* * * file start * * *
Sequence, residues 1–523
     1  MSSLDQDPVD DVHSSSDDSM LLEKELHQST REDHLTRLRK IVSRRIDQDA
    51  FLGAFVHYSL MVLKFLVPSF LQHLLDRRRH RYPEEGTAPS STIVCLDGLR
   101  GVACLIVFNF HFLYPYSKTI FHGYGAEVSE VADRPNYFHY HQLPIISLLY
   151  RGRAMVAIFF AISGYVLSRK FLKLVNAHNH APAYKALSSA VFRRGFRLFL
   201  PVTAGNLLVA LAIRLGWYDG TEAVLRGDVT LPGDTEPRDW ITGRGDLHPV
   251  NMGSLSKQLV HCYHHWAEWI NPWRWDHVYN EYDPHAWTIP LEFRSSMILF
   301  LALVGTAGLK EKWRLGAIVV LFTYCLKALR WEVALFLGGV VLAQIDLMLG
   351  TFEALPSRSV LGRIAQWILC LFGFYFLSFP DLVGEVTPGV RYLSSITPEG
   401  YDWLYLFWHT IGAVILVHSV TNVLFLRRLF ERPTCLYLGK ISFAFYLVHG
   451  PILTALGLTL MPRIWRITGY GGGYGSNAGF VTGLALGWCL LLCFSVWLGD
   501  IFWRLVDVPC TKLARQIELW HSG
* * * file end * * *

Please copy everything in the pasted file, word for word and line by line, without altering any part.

Sequence, residues 1–523
     1  MSSLDQDPVD DVHSSSDDSM LLEKELHQST REDHLTRLRK IVSRRIDQDA
    51  FLGAFVHYSL MVLKFLVPSF LQHLLDRRRH RYPEEGTAPS STIVCLDGLR
   101  GVACLIVFNF HFLYPYSKTI FHGYGAEVSE VADRPNYFHY HQLPIISLLY
   151  RGRAMVAIFF AISGYVLSRK FLKLVNAHNH APAYKALSSA VFRRGFRLFL
   201  PVTAGNLLVA LAIRLGWYDG TEAVLRGDVT LPGDTEPRDW ITGRGDLHPV
   251  NMGSLSKQLV HCYHHWAEWI NPWRWDHVYN EYDPHAWTIP LEFRSSMILF
   301  LALVGTAGLK EKWRLGAIVV LFTYCLKALR WEVALFLGGV VLAQIDLMLG
   351  TFEALPSRSV LGRIAQWILC LFGFYFLSFP DLVGEVTPGV RYLSSITPEG
   401  YDWLYLFWHT IGAVILVHSV TNVLFLRRLF ERPTCLYLGK ISFAFYLVHG
   451  PILTALGLTL MPRIWRITGY GGGYGSNAGF VTGLALGWCL LLCFSVWLGD
   501  IFWRLVDVPC TKLARQIELW HSG